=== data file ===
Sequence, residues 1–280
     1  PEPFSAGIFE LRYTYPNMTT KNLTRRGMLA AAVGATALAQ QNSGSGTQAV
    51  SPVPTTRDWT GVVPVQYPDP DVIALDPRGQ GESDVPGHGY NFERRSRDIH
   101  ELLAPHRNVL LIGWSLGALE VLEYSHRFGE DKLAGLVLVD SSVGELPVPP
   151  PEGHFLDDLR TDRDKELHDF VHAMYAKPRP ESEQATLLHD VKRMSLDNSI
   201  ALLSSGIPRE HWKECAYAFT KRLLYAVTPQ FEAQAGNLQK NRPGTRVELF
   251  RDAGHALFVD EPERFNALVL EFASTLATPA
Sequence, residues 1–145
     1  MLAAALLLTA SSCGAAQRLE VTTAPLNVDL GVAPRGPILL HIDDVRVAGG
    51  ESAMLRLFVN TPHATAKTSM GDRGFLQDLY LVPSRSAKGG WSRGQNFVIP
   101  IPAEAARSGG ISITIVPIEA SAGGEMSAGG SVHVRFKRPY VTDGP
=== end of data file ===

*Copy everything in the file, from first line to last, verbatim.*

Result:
Sequence, residues 1–280
     1  PEPFSAGIFE LRYTYPNMTT KNLTRRGMLA AAVGATALAQ QNSGSGTQAV
    51  SPVPTTRDWT GVVPVQYPDP DVIALDPRGQ GESDVPGHGY NFERRSRDIH
   101  ELLAPHRNVL LIGWSLGALE VLEYSHRFGE DKLAGLVLVD SSVGELPVPP
   151  PEGHFLDDLR TDRDKELHDF VHAMYAKPRP ESEQATLLHD VKRMSLDNSI
   201  ALLSSGIPRE HWKECAYAFT KRLLYAVTPQ FEAQAGNLQK NRPGTRVELF
   251  RDAGHALFVD EPERFNALVL EFASTLATPA
Sequence, residues 1–145
     1  MLAAALLLTA SSCGAAQRLE VTTAPLNVDL GVAPRGPILL HIDDVRVAGG
    51  ESAMLRLFVN TPHATAKTSM GDRGFLQDLY LVPSRSAKGG WSRGQNFVIP
   101  IPAEAARSGG ISITIVPIEA SAGGEMSAGG SVHVRFKRPY VTDGP